Division III men’s lacrosse preview for Salisbury Sea Gulls

Division III men’s lacrosse preview for Salisbury Sea Gulls
Replacing all three starters on attack and one starter in the midfield looms as a priority, but if the first two games are any indication, the Salisbury men's lacrosse team looks primed for a shot at three consecutive NCAA Division III championships. (submitted photo / Baltimore Sun)

Today’s entry is the final installment of a series taking a look at each of the eight Division III programs in Maryland according to their order of finish from last season. Thursday’s visit was with Stevenson. This is Salisbury’s turn.

Overview: The Sea Gulls went 22-1 and successfully retained the NCAA Division III championship they captured in 2016 by defeating Rochester Institute of Technology, 15-7, on May 28. With 12 national titles, they rank second only to Hobart, which has won 13. They also collected their 20th Capital Athletic Conference tournament championship. Ranked No. 1 in the United States Intercollegiate Lacrosse Association’s coaches poll, Salisbury has already opened the season with wins against then-No. 19 Hampden-Sydney and No. 12 Lynchburg.


Reason for optimism: Graduation took a toll on one of the best defenses in the country, but that unit figures to be the catalyst for the Sea Gulls again.

Two of three starting defensemen in seniors Kyle Tucker (67 ground balls, 30 caused turnovers) and Will Nowesnick (65 GB, 44 CT) are back, and senior Cory Berry (21 GB, 23 CT) has grabbed the third spot. Seniors Troy Miller (19 GB, 7 CT, two goals, three assists) and Jeremiah LaClair (33 GB, 12 CT, 2 G, 1 A) return as the top two short-stick midfielders. Junior goalkeeper Anthony Stavrakis appears to have answered any questions by giving up only 16 goals in the two wins thus far.

“Having that experience and the talent back there definitely makes it difficult for teams to score or even get shots off,” coach Jim Berkman said. “They’ve been very good. That’s a very good unit.”

Reason for pessimism: The team has won 52 percent of its faceoffs (26 of 50) this season, but it is still an area that Berkman plans to scrutinize.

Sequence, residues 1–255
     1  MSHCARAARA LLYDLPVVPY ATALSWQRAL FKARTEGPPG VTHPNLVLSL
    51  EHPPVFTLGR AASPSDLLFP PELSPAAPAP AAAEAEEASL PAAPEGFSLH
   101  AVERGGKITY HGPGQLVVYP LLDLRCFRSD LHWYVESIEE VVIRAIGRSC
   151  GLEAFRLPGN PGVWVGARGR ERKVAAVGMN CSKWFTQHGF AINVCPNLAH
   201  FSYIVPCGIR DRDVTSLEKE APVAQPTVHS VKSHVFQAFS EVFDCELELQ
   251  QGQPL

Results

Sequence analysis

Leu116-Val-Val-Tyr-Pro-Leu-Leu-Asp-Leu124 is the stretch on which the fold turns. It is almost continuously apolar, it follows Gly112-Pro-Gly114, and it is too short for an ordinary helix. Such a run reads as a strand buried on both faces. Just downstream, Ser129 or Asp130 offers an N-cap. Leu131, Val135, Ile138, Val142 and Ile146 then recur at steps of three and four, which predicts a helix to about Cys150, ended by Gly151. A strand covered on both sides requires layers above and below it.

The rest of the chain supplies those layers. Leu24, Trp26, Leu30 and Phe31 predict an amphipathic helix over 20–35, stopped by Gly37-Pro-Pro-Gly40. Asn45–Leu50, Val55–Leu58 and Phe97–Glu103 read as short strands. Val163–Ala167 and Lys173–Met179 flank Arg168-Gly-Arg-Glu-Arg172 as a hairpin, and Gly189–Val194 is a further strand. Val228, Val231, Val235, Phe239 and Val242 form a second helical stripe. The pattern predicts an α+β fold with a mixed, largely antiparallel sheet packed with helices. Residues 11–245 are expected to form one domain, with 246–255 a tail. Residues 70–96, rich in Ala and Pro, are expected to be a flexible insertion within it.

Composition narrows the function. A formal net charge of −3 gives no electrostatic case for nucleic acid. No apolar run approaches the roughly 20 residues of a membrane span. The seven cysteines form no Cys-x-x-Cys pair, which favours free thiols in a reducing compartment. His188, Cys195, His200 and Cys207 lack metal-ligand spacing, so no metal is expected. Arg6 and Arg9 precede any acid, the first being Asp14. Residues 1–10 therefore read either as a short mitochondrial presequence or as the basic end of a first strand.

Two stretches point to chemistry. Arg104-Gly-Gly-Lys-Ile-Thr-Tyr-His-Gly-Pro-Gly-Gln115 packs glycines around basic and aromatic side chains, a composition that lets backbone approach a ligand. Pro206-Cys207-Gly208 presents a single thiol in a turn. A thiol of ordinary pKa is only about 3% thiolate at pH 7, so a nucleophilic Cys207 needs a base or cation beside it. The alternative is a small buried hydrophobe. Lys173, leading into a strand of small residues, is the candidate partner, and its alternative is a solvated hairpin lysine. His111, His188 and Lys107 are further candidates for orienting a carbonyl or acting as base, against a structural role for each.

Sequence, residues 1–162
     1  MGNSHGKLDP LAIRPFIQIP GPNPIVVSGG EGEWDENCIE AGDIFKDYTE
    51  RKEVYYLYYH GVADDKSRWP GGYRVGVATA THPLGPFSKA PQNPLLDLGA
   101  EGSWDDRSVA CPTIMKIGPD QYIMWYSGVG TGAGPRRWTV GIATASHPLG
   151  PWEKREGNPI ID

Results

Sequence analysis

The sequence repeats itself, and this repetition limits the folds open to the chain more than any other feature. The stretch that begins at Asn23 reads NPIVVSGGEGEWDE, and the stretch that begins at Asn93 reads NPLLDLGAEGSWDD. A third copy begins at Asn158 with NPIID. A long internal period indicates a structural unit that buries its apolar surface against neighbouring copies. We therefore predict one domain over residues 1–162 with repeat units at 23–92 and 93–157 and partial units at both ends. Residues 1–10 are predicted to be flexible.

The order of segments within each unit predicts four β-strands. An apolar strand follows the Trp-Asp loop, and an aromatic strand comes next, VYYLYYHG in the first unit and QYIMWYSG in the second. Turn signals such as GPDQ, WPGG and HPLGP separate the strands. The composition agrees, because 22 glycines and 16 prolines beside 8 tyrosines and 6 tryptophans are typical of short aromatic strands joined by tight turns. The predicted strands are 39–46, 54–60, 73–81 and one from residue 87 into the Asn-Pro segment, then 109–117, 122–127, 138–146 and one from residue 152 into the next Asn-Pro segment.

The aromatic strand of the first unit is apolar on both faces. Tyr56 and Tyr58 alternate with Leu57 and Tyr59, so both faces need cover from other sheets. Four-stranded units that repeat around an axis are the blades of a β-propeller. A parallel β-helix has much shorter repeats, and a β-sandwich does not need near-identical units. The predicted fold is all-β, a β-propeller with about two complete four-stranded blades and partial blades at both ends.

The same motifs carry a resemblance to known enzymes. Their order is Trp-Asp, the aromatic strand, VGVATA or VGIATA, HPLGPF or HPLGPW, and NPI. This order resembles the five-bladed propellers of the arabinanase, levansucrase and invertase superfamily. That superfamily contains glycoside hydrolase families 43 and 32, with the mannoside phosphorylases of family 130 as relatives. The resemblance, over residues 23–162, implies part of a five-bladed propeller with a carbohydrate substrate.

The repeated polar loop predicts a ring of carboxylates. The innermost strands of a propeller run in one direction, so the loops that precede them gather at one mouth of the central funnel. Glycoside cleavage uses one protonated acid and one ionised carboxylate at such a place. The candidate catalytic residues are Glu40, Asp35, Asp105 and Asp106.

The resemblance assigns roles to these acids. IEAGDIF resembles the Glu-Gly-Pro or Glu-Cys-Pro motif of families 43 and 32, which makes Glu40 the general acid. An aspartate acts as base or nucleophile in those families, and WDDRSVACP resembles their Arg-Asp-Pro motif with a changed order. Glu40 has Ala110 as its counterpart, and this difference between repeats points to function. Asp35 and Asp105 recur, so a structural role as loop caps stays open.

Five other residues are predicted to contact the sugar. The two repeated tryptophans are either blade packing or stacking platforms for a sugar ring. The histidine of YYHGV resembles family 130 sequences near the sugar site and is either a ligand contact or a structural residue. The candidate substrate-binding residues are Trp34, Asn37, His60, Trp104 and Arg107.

Junior T.J. Logue has succeeded Duncan Campbell (58.6 percent on 237 of 410, 109 GB, 3 G) as the team’s primary faceoff specialist and has won 55.3 percent on 21 of 38 with 12 ground balls. But injuries to junior Brett Malamphy (sprained ankle) and freshman Max Towers (forearm) have impeded their development to the point that there is a noticeable gap between Logue and the other duo.

“We’ve got some work to do,” Berkman said. “T.J. is definitely the No. 1 guy. There seems to be a big distinction between him and the other two. … The wing play is really good because we’re putting two poles up there. We won some faceoffs on Saturday and turned them over, that we’ve got to work on with T.J., but that’s definitely an area that we’ve got to work hard on and get better.”

Keep an eye on: How a re-tooled attack that graduated Nathan Blondino (61 G, 73 A), Nick Garbarino (68 G, 20 A) and Carson Kalama (69 G, 19 A) will fare this spring will be key.

Sophomores Josh Melton (24 G, 20 A), Griffin Moroney (8 G, 1 A) and Pierre Armstrong (2 G, 2 A) have totaled seven goals and four assists in the first two games. That might seem like modest numbers, but that includes getting little from Melton, who sat out the season opener and went without a point against Lynchburg on Saturday because of bouts with tonsillitis and the flu.

“We’re hoping that he’s another tool in our arsenal that hasn’t yet been utilized at this point,” Berkman said of Melton, who has lost 15 pounds because of the illnesses. “But Griffin is a good finisher on the crease, and he had a couple nice goals on Saturday. Pierre’s a quick, elusive kid who is just going to get better with each game as he gains more confidence. And they’ve got some solid middies there that can take some pressure off of them. So they’ll just get better every day.”

What he said: Salisbury is seeking to become the first program to capture three consecutive national titles since, well, the Sea Gulls did it from 2003 to 2005. The Nike/US lacrosse Division III preseason poll ranked the team No. 3 behind Wesleyan and York, but that has not created many waves among the players and coaches.

“I don’t know if that’s motivated them,” Berkman said of being ranked third. “I think there’s just a lot of guys that are thinking that maybe they can win three in a row. And the poll is probably rightfully deserved. We lost 250 goals from last year. When you lose three guys that score 60-some and Brendan Bromwell, a first-team All-American middie, and two seniors that scored a boatload of points from the second midfield, there’s obviously a lot of points to return, which I guess is why people rated us that way.”